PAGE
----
This post is Part 1 of our series on Reactive Systems.
At Privy, many of our services are fundamentally event-driven. Indeed our core product value lies in helping merchants capture arbitrary user interaction and reacting to opportunities as they arise in a tangible and timely manner.
A key criterion for new components and systems at Privy is that they must be elastic. We must be able to out-scale our fastest growing merchants, if we are to continue to provide an acceptable level of service.
In addition to scalability, our systems must be fault tolerant or resilient in that failure of one component should not affect the overall integrity of our system.
Systems that are responsive, resilient, elastic and message-driven are also known as Reactive Systems. The Reactive Manifesto, a community distillation of best-practices, provides a concise vocabulary for discussing reactive systems.
Systems built as Reactive Systems are more flexible, loosely-coupled and scalable. This makes them easier to develop and amenable to change. They are significantly more tolerant of failure and when failure does occur they meet it with elegance rather than disaster. Reactive Systems are highly responsive, giving users effective interactive feedback.
Being Reactive in Practice
It is important to note that the Reactive philosophy is independent of any specific application layer; these general requirements can be realized throughout the stack.
Indeed there are many open source frameworks that can used to build Reactive systems. Front-end examples include Backbone.js, Facebook’s React, and Elm. These specific examples essentially handle input events and their effects as process networks.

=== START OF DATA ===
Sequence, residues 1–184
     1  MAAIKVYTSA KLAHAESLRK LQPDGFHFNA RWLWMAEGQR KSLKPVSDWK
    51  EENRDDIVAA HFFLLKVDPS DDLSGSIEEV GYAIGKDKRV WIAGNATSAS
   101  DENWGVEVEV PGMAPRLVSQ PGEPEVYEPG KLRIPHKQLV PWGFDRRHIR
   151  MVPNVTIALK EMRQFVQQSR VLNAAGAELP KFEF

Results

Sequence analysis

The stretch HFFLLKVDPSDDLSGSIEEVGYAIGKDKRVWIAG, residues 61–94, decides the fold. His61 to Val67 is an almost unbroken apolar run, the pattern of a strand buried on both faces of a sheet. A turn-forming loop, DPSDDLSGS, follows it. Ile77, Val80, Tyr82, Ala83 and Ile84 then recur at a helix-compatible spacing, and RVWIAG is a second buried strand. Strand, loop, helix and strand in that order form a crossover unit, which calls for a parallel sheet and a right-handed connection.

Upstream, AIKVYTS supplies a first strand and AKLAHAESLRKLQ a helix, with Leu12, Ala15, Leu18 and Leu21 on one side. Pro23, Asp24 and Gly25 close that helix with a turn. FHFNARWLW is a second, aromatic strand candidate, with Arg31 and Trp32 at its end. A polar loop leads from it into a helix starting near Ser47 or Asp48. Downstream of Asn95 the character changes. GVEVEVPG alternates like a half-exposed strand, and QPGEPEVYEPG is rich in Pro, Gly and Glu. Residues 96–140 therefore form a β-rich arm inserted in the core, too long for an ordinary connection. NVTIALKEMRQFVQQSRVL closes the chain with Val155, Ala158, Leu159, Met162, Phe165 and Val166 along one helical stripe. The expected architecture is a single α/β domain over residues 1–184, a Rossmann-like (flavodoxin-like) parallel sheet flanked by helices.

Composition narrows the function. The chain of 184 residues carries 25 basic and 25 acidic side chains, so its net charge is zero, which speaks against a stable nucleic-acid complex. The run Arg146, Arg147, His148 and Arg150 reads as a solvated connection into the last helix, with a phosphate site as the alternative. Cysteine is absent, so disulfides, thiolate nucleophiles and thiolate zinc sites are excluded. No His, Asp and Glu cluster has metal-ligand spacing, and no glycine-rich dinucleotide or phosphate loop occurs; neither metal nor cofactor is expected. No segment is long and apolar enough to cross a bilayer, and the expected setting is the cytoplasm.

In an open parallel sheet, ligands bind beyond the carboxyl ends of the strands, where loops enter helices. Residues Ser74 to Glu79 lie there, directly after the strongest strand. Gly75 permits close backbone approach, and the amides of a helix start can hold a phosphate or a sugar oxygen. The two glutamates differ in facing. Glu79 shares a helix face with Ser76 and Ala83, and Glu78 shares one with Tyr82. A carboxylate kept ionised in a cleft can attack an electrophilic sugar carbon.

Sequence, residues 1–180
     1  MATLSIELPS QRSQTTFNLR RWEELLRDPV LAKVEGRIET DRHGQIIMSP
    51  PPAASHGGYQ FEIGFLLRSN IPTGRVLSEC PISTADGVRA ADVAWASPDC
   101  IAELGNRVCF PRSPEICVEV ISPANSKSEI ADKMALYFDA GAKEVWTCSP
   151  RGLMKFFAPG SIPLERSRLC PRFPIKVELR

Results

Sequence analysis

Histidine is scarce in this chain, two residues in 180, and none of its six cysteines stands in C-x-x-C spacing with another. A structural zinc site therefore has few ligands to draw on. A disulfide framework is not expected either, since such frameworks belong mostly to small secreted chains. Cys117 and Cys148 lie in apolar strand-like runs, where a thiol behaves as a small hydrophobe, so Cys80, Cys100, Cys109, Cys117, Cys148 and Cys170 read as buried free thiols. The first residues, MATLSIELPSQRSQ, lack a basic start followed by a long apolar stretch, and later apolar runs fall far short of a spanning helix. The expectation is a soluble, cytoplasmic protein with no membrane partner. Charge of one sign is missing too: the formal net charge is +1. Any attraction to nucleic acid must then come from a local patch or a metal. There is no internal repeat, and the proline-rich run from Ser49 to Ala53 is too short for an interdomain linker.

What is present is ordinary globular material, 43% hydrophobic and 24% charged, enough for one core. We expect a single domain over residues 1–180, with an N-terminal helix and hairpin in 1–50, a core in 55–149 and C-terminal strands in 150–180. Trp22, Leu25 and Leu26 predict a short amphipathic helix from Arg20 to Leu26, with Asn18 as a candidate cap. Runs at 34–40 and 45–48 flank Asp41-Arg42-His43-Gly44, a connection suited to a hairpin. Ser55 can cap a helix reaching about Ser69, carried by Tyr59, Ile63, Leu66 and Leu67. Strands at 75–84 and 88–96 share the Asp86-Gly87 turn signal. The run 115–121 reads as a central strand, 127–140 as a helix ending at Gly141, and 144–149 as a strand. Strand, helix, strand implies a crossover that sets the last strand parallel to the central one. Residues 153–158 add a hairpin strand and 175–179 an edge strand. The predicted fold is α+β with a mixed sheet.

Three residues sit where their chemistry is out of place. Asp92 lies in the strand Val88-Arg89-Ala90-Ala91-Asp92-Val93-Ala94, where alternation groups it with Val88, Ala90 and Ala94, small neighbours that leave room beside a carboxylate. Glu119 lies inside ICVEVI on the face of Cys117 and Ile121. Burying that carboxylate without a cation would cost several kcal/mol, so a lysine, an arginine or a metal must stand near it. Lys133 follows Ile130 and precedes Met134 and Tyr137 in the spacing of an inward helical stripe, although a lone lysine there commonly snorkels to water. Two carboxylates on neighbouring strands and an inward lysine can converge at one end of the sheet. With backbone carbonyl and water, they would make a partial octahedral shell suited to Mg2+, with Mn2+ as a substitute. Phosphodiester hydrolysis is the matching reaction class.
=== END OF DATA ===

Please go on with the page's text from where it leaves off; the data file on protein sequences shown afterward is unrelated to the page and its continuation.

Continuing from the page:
A similar but distinct concept is the Actor model, which often arises in the context of highly concurrent and distributed background operations. The Actor model is a computational model that treats computational entities as primitives called actors. Actor behavior is defined by the ability to respond to messages received from other actors, the ability to send messages to other actors, and the ability to spawn new actors.
Actors saw much success in Erlang, a language originally designed for building telecommunication systems. For use-cases more specifically related to web applications, two popular Actor-based frameworks are Akka and Celluloid.
Celluloid is the underlying actor system used in Sidekiq, a background task framework for Ruby. Sidekiq is an integral component of the Privy backend – most of our asynchronous Ruby behavior occurs within Sidekiq Workers.
We’re also within the early stages of deploying an Akka app for Business Intelligence, which happens to be the primary motivator for this series of blog posts.
Handling Streams of Data: Part 2
In the next post in this series, we’ll examine methods for dealing with streams of data in an asynchronous and reactive, specifically responsive and elastic, manner.